The newest installment of antitrust allegations against major tech companies in the U.S. came Wednesday, July 7th, as dozens of states plus the District of Columbia sued Google over alleged unfair marketing practices.
This lawsuit is the most recent in a string of similar worldwide allegations against Google, as well as Apple. Many developers and organizations, big and small, claim these two behemoths have a stranglehold over the mobile app store market.
Google v. Utah Lawsuit
Wednesday, 36 states and Washington D.C. filed a lawsuit against Alphabet Inc.’s Google. Led by Utah, North Carolina, New York and Tennessee, this 144-page complaint is the fourth in a series of state or federal antitrust lawsuits to be brought against the Mountain View giant since October of 2020.
“30% of the money they [Android Consumers] pay goes to Google. 4. To collect and maintain this extravagant commission, Google has employed anticompetitive tactics to diminish and disincentivize competition in Android app distribution.”
- Utah v. Google (Case 3:21-cv-05227) p. 9
According to the allegations, these anticompetitive tactics include:
- Erecting barriers that deter consumers from directly downloading and installing competing apps or app stores.
- Disincentivizing and discouraging competition from market participants that could avoid technological restrictions.
- Attempting to buy off competitors, like Samsung, to limit competition from alternative app stores.
- Devising incentive programs to share monopoly profits with large app developers that could disrupt Google’s monopoly.
- Mandating that consumers who download apps from the Google Play Store must use Google Play Billing for all in-app purchases.
Additionally, Google has come under fire for the same “egregious” 30 percent commission fees imposed on developers that Apple has been under scrutiny for. Both companies offer a reduced fee for smaller developers, 15 percent for under $1 million USD annual revenue. Google offers this lower fee to all companies for their first million, while Apple restricts it to smaller companies who make under $1 million in total.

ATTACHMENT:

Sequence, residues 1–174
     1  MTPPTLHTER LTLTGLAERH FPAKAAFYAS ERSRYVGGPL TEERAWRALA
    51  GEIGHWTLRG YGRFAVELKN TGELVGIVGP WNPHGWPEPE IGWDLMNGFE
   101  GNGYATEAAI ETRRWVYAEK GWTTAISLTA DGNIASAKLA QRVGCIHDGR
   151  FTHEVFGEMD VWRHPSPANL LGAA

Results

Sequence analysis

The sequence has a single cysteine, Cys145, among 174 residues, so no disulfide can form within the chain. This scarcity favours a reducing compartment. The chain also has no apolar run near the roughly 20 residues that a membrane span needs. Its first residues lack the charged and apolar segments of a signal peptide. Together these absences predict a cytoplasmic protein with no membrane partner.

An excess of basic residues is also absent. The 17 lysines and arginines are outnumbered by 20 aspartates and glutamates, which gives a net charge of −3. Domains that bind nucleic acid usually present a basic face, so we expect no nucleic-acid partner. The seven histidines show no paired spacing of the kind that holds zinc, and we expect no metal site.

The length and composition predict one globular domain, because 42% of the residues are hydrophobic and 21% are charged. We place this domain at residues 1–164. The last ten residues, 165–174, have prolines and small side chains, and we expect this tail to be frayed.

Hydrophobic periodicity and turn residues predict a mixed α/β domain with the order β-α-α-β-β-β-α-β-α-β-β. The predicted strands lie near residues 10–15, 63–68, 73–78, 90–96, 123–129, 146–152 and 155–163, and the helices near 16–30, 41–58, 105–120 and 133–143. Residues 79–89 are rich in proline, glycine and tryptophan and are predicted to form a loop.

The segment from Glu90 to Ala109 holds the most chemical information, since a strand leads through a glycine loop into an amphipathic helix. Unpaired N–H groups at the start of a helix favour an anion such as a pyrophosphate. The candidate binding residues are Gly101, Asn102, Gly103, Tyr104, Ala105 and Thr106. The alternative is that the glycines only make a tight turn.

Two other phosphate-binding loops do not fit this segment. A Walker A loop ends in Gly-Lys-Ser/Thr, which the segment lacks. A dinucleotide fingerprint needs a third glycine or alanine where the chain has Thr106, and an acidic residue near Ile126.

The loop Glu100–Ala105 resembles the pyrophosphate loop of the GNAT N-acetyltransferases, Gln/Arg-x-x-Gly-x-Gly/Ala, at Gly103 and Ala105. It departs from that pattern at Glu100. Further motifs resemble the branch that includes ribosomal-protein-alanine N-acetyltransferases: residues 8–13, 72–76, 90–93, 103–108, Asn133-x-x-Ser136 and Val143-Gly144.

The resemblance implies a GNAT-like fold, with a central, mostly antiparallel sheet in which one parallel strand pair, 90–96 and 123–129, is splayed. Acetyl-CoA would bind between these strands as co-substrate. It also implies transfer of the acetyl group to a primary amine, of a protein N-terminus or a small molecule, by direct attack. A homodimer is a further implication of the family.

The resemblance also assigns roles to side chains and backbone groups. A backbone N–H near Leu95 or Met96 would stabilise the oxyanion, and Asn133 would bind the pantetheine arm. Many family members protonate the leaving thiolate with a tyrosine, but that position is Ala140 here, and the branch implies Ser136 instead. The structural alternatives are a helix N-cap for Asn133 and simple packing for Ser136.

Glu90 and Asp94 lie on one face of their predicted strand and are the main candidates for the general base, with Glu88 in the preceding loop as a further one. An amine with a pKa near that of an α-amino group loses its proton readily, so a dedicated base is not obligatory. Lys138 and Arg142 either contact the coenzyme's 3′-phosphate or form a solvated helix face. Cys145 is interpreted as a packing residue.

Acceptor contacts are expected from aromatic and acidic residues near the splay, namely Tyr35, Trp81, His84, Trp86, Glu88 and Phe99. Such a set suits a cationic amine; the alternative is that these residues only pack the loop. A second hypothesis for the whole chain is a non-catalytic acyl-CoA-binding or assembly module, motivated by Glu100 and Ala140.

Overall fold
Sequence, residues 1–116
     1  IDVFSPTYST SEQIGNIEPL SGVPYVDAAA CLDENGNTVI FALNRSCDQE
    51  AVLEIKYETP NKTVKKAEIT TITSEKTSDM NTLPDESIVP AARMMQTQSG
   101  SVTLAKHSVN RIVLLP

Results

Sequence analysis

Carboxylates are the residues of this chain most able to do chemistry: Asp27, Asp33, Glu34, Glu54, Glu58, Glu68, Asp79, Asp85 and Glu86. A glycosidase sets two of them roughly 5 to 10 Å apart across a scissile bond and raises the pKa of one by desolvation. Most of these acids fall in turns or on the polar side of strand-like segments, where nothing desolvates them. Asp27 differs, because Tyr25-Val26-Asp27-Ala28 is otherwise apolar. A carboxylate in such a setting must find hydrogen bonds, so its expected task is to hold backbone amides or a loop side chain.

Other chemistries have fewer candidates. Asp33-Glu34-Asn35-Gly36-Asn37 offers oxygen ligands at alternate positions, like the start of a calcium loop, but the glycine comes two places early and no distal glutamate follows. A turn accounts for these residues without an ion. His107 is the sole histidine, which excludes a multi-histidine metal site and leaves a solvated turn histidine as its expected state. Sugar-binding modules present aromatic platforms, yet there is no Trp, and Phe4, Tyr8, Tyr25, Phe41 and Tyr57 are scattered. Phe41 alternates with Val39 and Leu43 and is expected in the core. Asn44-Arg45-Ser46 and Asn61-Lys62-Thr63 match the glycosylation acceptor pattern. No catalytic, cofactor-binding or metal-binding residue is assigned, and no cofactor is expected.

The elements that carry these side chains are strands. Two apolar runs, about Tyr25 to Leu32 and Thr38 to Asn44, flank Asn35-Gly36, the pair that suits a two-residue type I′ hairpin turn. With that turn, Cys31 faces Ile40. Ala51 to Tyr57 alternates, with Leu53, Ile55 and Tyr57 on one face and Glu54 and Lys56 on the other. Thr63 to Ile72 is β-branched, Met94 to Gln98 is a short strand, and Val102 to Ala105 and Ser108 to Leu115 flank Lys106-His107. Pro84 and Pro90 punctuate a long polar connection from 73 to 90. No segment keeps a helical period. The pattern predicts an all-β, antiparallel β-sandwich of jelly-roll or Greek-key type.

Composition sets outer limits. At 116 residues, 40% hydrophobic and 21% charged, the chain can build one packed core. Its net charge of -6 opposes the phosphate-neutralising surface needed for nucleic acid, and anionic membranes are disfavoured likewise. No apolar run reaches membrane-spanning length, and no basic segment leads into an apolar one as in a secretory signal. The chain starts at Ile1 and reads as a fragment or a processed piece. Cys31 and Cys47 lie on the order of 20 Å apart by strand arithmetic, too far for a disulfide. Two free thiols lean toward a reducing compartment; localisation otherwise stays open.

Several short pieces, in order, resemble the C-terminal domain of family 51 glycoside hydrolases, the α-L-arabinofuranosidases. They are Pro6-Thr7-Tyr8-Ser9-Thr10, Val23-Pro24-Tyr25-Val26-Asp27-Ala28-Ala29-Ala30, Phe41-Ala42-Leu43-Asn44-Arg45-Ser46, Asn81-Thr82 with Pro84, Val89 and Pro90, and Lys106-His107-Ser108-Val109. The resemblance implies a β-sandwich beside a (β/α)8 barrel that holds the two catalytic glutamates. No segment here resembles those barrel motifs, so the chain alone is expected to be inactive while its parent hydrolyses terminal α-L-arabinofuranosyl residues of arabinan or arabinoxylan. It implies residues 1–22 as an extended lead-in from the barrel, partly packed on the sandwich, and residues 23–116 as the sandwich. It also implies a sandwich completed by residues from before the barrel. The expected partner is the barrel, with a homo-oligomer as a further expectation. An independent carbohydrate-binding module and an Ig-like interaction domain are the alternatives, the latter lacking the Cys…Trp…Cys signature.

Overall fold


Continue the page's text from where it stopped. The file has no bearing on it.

Google’s rebuttal to this complaint came in a blog post from Wilson White, senior director of public policy. White writes:
"it's strange that a group of state attorneys general chose to file a lawsuit attacking a system that provides more openness and choice than others [...] This lawsuit isn’t about helping the little guy or protecting consumers. It’s about boosting a handful of major app developers who want the benefits of Google Play without paying for it."
While the “others” mentioned is clearly a dig at Apple, there is evidence to suggest that the Cupertino tech company will be the target of further litigation in the U.S., particularly from the Justice Department. It is unknown if these complaints will lead to any significant regulatory action from the FTC.
Around the World
The United States is far from the only nation stepping in to curtail the unprecedented market domination by large U.S. tech companies. Recently, Germany, Japan, and the U.K. announced investigations into what they claim to be unfair market practices.
Germany’s Federal Cartel Office, Bundeskartellamt, began investigation into the world’s leading tech companies — Google, Apple, Facebook, and Amazon — following updated competition laws. Similarly, the Japanese government formed a panel to conduct another antitrust probe into Apple and Google. Additionally, following the formation of a new Digital Markets Unit, the United Kingdom’s Competition and Markets Authority (CMA) announced a market study into Apple and Google’s mobile market domination.
This week Australia joined in the fight concerning Epic Games’ ongoing battle against Apple. The Australian Federal Court voted to press forward with the Epic - Apple lawsuit, overturning an earlier decision to put a hold on the case. This follows the conclusion of Epic Games v. Apple U.S. trial in May.
An Epic spokesperson said:
“We look forward to continuing our fight for increased competition in app distribution and payment processing in Australia and around the world."
While Apple has been dominating the news in recent months for lawsuits concerning what has been called anticompetitive behavior, Google recently became the subject of an extensive complaint filed in Northern California by three-dozen U.S. states. Google is no stranger to accusations of monopolistic practices, and only time will tell what the consequences will be for Google and Apple.
Worldwide investigation into market domination in the mobile space is underway, and some countries, like Russia, have already successfully fined these major companies. Whether there will be significant regulations imposed on the U.S. tech giants, however, is still unclear.